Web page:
The question may be raised whether the right of claim arising upon termination of the above-described marital property regime protects the spouse who is at a weaker position equally with the joint ownership provided in the present Family Law Act, which is created as of the moment of acquisition of property and can be henceforth protected under the relevant rights of claim. The question lies in the efficiency and potential effects of the measures established in the interests of the protected party. In case of joint property of spouses, with which one of the spouses concluded transactions adverse to the other party, the damaged party can apply for the protection of his or her interests only in court. *25 Acquisition of items of joint property in good faith by a third person as a result of disposal performed by one spouse is also not excluded. Moreover, the present Family Law Act does not enable a spouse to demand termination of the community property relationship similarly to termination of a marital property contract under subsection 11 (2) of the Family Law Act, if the other spouse is bankrupt or handles the joint property in a dissipatory or damaging manner. *26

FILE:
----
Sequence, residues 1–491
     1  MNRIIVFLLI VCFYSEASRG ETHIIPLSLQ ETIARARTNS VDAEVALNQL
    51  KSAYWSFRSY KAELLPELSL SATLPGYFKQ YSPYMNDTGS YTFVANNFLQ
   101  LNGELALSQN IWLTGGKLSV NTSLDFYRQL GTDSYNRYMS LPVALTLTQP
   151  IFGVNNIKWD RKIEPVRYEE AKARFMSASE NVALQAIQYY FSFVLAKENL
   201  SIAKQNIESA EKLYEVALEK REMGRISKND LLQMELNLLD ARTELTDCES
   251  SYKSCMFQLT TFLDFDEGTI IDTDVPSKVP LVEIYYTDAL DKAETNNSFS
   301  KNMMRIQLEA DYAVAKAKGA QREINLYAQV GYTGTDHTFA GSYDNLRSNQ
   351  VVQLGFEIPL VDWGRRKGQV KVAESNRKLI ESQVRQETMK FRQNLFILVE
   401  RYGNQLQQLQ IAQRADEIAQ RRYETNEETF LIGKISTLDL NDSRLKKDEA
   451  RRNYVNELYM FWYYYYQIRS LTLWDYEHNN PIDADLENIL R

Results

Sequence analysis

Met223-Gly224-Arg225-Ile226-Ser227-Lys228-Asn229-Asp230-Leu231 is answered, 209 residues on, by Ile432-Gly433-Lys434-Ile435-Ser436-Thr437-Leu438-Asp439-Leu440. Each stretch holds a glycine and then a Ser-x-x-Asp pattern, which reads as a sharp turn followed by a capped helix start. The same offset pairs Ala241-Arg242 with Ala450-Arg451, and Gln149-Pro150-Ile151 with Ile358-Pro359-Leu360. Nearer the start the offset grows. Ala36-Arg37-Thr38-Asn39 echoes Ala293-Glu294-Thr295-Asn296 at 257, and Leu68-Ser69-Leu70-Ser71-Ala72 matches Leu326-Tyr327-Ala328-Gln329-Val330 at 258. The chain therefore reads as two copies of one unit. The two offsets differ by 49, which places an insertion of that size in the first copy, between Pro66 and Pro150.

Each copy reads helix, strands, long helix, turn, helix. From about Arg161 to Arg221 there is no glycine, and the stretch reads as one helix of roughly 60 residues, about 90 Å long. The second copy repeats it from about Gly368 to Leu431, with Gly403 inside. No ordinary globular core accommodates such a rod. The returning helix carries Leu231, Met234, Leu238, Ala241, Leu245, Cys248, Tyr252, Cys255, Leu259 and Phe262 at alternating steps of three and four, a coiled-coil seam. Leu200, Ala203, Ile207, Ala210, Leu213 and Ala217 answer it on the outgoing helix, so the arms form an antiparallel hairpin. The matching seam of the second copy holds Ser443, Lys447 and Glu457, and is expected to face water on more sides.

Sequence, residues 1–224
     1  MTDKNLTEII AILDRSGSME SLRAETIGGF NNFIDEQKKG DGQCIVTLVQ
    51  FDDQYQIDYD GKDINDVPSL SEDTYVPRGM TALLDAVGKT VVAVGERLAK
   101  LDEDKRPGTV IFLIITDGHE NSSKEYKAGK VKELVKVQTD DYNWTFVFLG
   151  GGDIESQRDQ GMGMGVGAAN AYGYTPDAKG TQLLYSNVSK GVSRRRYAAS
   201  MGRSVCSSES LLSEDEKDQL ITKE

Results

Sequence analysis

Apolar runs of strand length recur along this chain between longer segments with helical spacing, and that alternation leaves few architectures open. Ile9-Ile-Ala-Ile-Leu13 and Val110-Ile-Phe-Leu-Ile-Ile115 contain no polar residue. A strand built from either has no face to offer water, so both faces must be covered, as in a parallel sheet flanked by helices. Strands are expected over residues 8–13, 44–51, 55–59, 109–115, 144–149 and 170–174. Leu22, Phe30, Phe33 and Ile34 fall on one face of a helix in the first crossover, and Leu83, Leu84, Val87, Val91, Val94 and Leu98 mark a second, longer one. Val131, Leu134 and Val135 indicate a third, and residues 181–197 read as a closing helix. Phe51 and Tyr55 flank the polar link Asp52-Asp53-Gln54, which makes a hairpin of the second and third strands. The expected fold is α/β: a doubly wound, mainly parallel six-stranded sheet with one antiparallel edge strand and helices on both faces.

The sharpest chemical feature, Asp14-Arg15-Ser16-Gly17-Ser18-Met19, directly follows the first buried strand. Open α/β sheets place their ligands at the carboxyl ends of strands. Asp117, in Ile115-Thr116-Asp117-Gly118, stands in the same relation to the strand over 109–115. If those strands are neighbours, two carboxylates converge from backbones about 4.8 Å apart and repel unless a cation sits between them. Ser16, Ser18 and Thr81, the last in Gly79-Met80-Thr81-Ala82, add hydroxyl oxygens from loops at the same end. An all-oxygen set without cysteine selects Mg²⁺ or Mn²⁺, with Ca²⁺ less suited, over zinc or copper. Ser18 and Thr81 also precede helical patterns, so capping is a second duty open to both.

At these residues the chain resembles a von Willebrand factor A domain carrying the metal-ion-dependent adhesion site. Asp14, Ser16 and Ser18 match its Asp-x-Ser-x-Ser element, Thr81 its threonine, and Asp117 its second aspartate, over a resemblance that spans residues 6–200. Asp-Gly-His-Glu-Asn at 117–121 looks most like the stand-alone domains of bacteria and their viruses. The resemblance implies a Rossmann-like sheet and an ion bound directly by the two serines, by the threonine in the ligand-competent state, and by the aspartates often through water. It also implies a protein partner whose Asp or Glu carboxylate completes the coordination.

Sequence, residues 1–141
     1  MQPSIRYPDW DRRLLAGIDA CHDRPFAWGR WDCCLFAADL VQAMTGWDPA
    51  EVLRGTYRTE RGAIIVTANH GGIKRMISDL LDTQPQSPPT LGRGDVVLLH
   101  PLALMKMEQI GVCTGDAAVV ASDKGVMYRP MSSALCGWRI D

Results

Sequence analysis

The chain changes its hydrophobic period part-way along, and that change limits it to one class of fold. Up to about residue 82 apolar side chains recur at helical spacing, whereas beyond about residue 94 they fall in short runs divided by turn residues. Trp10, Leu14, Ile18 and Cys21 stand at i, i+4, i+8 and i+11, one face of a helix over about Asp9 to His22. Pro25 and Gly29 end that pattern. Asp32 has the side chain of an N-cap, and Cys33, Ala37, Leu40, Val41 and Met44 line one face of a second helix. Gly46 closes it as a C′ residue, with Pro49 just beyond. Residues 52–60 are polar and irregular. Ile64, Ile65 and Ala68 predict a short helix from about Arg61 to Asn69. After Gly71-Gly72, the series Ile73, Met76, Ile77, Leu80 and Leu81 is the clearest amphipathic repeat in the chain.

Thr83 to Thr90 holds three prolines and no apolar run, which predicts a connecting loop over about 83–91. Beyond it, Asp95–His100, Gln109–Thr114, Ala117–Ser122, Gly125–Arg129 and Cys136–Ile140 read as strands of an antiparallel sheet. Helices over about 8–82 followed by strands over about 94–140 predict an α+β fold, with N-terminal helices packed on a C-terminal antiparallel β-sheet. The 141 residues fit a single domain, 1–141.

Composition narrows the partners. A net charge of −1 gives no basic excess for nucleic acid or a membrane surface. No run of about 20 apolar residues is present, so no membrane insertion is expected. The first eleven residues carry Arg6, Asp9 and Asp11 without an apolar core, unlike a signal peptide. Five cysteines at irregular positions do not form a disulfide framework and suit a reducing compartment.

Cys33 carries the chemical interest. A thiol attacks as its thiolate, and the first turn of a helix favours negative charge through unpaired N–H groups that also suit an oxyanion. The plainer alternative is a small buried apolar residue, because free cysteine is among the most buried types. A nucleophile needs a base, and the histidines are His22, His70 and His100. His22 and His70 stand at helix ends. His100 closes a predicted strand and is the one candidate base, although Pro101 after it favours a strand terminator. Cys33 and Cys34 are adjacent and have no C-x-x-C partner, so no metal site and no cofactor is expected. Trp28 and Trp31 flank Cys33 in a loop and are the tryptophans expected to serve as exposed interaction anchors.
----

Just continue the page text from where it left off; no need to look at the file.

Thus, the compensation claim system under the law of obligations as offered in the new draft law enables to protect the interests of the economically less well-off spouse at least to the same extent as the joint property relationship under the Family Law Act of 1995. The draft law also provides for the right of claim for premature offset of acquired property if one of the spouses violates the proprietary (economic) obligations arising from the conjugal relationship, concludes transactions for which the consent of the other spouse is required without such consent, or otherwise intentionally damages the potential future offset claim of the other spouse. As a result, adverse effects on the spouse entitled to an offset claim can also be avoided if the marriage is not divorced. When acquired property is offset prematurely, then a separate proprietary relationship will take effect, thus preventing further damage to each other’s potential proprietary rights and also creating a clearer situation for third parties.